Supreme Court forms panel over government advertisements
The Supreme Court Wednesday constituted a three-member committee to frame guidelines to regulate issuance of advertisements by the government and its departments with an obvious political message.
The bench of Chief Justice P. Sathasivam, Justice Ranjan Gogoi and Justice N.V. Ramana said "the existing DAVP policy/guidelines do not govern the issues raised" by the NGO Common Cause and the CPIL as the guidelines "do not lay down any criteria for the advertisements to qualify for 'public purpose' as opposed to partisan ends and political mileage...."
The court said "there is a need for substantive guidelines to be issued by this court until the legislature enacts a law in this regard".
Chief Justice Sathasivam said there was no policy or guideline to regulate the content of government advertisements "and to exclude the possibility of any mala fide use or misuse of public funds on advertisements in order to gain political mileage by the political establishment".
The three-member committee would comprise N.R. Madhavan Menon, founder director of Bangalore's National Law School of India University; T.K. Vishwanathan, former Lok Sabha secretary general; and counsel Ranjit Kumar.
The court said the information and broadcasting ministry secretary would be member secretary, who would be coordinating and rendering assistance to the committee.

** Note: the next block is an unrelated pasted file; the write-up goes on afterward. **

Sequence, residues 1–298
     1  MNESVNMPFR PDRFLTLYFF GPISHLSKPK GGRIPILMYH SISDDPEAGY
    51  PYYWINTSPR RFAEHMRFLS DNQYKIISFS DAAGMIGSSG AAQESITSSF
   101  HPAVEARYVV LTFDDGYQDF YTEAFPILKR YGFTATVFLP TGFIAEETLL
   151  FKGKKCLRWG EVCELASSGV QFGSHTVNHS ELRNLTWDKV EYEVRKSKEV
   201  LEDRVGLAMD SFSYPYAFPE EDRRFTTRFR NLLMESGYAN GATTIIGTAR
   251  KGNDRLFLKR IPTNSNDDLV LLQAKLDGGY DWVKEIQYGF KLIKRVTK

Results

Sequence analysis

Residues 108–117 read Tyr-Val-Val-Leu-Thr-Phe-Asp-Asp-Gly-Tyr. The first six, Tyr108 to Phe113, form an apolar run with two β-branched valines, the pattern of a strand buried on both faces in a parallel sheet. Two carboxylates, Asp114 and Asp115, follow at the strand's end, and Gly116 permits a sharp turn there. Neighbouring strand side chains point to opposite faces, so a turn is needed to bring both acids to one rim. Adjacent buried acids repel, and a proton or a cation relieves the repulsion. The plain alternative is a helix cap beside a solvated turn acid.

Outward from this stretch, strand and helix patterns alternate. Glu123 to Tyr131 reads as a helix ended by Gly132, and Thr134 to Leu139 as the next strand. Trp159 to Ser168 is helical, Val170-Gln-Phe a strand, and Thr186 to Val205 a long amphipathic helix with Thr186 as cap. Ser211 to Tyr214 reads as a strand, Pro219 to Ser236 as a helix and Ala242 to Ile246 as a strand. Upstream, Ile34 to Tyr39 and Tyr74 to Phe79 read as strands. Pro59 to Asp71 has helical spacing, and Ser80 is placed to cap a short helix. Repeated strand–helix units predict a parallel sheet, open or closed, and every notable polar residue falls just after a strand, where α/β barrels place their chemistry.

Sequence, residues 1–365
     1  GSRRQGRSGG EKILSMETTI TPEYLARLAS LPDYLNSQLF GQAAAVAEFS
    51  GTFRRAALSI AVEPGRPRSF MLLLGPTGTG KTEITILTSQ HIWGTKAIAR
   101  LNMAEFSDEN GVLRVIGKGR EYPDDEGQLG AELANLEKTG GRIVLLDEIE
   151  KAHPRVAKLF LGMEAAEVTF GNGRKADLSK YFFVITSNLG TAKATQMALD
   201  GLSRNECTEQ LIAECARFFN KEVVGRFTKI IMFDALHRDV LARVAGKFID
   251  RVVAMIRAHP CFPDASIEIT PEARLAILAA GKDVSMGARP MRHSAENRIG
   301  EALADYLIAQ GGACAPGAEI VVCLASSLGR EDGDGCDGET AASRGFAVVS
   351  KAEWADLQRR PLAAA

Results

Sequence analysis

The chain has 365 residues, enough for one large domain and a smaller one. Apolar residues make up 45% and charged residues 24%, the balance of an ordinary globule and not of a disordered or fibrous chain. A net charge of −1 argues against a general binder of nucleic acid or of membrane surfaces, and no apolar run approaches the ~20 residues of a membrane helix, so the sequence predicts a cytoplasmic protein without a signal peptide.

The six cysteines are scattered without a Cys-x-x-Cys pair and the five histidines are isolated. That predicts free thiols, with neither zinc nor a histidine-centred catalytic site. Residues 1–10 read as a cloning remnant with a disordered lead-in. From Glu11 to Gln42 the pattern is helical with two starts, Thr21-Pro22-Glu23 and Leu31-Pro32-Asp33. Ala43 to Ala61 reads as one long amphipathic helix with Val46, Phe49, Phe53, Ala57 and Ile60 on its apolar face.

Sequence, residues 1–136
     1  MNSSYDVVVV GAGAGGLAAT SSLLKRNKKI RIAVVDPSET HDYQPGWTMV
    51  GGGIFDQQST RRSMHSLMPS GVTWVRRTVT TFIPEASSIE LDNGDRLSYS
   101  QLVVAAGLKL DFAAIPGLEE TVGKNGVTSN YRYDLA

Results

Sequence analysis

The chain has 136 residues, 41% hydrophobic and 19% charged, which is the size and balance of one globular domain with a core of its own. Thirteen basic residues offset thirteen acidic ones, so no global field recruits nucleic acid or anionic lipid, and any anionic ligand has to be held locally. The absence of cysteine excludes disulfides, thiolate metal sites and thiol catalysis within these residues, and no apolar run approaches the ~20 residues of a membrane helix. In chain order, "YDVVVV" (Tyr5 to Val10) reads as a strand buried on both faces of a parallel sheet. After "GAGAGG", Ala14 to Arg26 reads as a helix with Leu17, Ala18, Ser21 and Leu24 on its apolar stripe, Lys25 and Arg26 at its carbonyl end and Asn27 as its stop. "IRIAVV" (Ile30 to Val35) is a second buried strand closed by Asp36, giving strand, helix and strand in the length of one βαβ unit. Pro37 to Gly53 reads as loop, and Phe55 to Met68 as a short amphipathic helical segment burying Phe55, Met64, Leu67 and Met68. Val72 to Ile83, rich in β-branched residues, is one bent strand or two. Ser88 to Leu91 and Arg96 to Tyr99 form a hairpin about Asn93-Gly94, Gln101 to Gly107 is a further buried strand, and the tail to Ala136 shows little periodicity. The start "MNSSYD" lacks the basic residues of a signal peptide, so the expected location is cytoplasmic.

The committee will submit its first report to the apex court in three months time.
Pointing to the limited time available to the court to frame guidelines on the subject which was "sensational and significant", the bench said: "We deem it proper to constitute a committee to undertake the task of suggesting guidelines to this court after an intricate study of all the best practices in public advertisements in different jurisdictions and to submit the same before this court."
Accepting the government position that it was only through such advertisements that it communicates its policies, decisions, programmes and initiatives to the people, the court said the plea by the NGOs Common Cause and CPIL was "also not entirely misconceived".
"Since the primary cause of government advertisements is to use public funds to inform the public of their rights, obligations, and entitlements as well as to explain government policies, programmes, services and initiatives, however, when these requisites are not fulfilled in a government advertisement, then the whole purpose would be frustrated," it said.
Pointing out that the boundary line between the government advertisements to inform the people and those having political overtones can get blurred, the court said, "we need to distinguish between the advertisements that are part of government messaging and daily business and advertisements that are politically motivated".
Observing that the issue raised by the NGOs might be new to India, governments in other countries have faced such a situation in the past and they resolved it by framing advertising guidelines.
While Australia took steps to depoliticise public advertising and preventing conflict of interest so that no person or group exploits public advertising funds for individual or political gains, Canada also enforced guidelines for preventing conflict of interest by promoting transparency, accountability and separation of authority so that public advertisements could not be used for individual, financial or political gains.
The petitioner NGOs have proposed guidelines which are in fact verbatim adoption of the Australian guidelines.
The court noted this and said: "We do not think it will be appropriate for this court to adopt the guidelines of another country without application of mind and appreciation of situation in our country."
(Posted on 23-04-2014)